• Awesome Ego: A handful of characters, but none more so than Dante, who spends nearly every encounter with enemy bosses (including when the player finds themselves fighting against Dante) mocking and belittling them at every turn, then proceeds to back it up, both in cutscenes and under the guidance of a skilled enough player.
  • Base-Breaking Character: Fans are divided on Lady's personality shift between 3 and 4. It's justified, of course, with Dante's influence rubbing off on her and her having put her traumatic family drama to bed, and some are fine with that since it exemplifies Character Development, but some still lament the loss of her more active, aggressive and standoffish personality since they found it more compelling. The latter reaction became more prevalent once Lady suffered a Badass Decay in 5.
  • Broken Base:
    • The biggest point of contention in the fandom (DmC notwithstanding) likely comes from the canonical status of Devil May Cry 4: Deadly Fortune, a two-volume light novel written by Bingo Morihashi, the scenario writer for 3, 4, and 5, and his assistant Yasui Kentarou. Bingo considers the novel to be the definitive version of 4's story, but it deviates from the game's plot at multiple points and was written after he had left Capcom's employ. Because of this, it's been questioned if the novel can be considered anything more than semi-canon at best, and not all fans (for example) are on board with certain portions of the narrative, such as Nero's mother being some nameless prostitute that Vergil had a one-night stand with when he visited Fortuna less than two decades prior (to learn more about Sparda's legacy). 5 confirms that Vergil did have a one-night stand that resulted in Nero, but never knew about Nero until Dante spells it out for him in the climax, Bingo once again as the scenario writer.
    • Overlapping with Fandom Rivalry, fans of DmC say that it was more accessible, had better art direction, a far easier story plot to follow, and a protagonist that contained character development. Fans that loved the original titles criticized the many changes that was implemented, the arguments ranging from criticizing how DmC Dante was so drastically different compared to original Dante, DmC's story being too on the nose and missing the point of the original games' primary themes of how devils can learn to love like humans as well subtly on the theme of family, and the gameplay mechanics that had been overly simplified and lacking 3 and 4's mechanical depth and complexities, just to name a few game-related points. In short, some consider DmC worth playing, while others feel it simply doesn't match up to the legacy of the older games. The rivalry had died down somewhat after the 2015 releases of both the Special Edition for 4 and the Definitive Edition for DmC, but the rivalry flared up again after the announcement and release of 5.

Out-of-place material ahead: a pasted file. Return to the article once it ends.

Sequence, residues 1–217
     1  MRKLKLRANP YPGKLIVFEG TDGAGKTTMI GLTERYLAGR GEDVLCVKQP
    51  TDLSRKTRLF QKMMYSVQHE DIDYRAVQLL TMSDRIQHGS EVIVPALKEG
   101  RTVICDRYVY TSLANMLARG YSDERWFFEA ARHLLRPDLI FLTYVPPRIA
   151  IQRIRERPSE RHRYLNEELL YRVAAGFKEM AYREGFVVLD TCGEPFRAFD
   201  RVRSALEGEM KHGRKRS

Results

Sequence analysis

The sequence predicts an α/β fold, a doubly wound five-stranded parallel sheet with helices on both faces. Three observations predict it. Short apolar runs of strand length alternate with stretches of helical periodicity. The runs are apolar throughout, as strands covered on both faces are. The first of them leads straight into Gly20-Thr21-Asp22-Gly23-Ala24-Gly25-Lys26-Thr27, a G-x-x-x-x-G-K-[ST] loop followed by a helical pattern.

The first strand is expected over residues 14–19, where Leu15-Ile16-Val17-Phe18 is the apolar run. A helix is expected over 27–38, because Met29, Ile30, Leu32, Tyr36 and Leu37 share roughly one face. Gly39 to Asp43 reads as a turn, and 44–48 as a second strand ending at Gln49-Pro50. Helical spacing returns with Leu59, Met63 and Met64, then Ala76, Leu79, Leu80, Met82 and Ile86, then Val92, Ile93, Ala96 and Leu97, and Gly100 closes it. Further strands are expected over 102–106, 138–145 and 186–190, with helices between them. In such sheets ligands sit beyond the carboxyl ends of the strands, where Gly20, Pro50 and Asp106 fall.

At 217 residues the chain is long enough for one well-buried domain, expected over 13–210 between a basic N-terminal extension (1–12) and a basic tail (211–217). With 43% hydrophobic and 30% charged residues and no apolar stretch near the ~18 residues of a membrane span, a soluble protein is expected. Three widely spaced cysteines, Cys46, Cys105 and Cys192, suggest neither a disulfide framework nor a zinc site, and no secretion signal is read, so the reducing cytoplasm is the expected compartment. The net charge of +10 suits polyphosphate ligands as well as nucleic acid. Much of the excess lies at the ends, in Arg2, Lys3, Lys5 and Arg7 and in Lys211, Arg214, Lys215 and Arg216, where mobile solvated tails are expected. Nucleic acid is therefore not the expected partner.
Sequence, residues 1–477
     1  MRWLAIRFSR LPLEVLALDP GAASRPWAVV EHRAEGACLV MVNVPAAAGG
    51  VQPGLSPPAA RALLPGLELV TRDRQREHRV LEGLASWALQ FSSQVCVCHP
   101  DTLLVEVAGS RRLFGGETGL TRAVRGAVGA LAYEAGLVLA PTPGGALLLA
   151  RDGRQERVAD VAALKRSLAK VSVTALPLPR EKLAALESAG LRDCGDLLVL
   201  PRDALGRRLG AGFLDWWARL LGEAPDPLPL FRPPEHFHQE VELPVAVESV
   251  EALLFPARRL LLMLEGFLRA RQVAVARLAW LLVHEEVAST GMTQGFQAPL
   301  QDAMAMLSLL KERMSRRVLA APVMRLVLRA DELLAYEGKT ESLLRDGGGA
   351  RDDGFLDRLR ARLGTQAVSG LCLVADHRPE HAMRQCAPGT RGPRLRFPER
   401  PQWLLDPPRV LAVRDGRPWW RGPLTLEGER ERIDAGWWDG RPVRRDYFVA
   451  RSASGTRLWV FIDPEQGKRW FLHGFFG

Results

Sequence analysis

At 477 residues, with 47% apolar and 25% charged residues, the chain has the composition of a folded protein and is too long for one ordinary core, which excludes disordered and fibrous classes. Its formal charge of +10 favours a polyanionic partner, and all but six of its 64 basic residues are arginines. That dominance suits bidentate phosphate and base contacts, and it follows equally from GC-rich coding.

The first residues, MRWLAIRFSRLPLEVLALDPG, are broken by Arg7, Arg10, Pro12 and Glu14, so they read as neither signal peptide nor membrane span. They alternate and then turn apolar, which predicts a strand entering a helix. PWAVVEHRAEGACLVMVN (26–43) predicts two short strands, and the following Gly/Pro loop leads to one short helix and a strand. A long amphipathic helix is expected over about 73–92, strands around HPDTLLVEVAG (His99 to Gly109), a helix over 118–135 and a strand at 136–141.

• Cheese Strategy: In general, a common tactic for DMC players is to replay the first few levels of the game over and over again and slowly Level Grind and farm Red Orbs until they can buy all of Dante's Health and Devil Trigger upgrades, and max out all of the weapons and abilities they've acquired up to that point, then repeat the process whenever new abilities, weapons or skills are unlocked. This is considered an acceptable, but boring way to play the game by even the developers, which is why a Mission Select feature is available in each game.
  • Complacent Gaming Syndrome: The series discourages this via the optional Stylish Rank meter (which goes up as you hit your enemies, but sees diminishing returns from using the same moves over and over, and eventually won't increase it at all)... But that still doesn't stop players from overusing the Stinger move which makes Dante dash forward and likely knock back enemies on contact (in 3 and onwards) when they'd rather not bother with the whole variation and complex combos. It helps that other characters have their own equivalent of Stinger as well (i.e. Nero's Streak). It got to the point where fans have memes about it.
  • Complete Monster:
    • Devil May Cry 3: Dante's Awakening: Arkham, seemingly working for Dante's brother Vergil, is revealed as a sinister, power-hungry man who sacrificed his own wife to become a devil himself, as his alter ego Jester. Arkham manipulates everyone to lure them into a battle, resulting in Dante, Vergil and Arkham's own daughter Lady—who Arkham has no issues brutalizing or even trying to kill—weakened enough for Arkham to step in and seize the power of Sparda for himself. When he unlocks the power of Sparda, Arkham plans to, as he puts it, "welcome Chaos" all through the world. When Lady confronts him at the game's end, Arkham angrily demands to know what he's done wrong, declaring he wants to be a God, and asking if sacrificing "one miserable human being" to do so was "really so awful".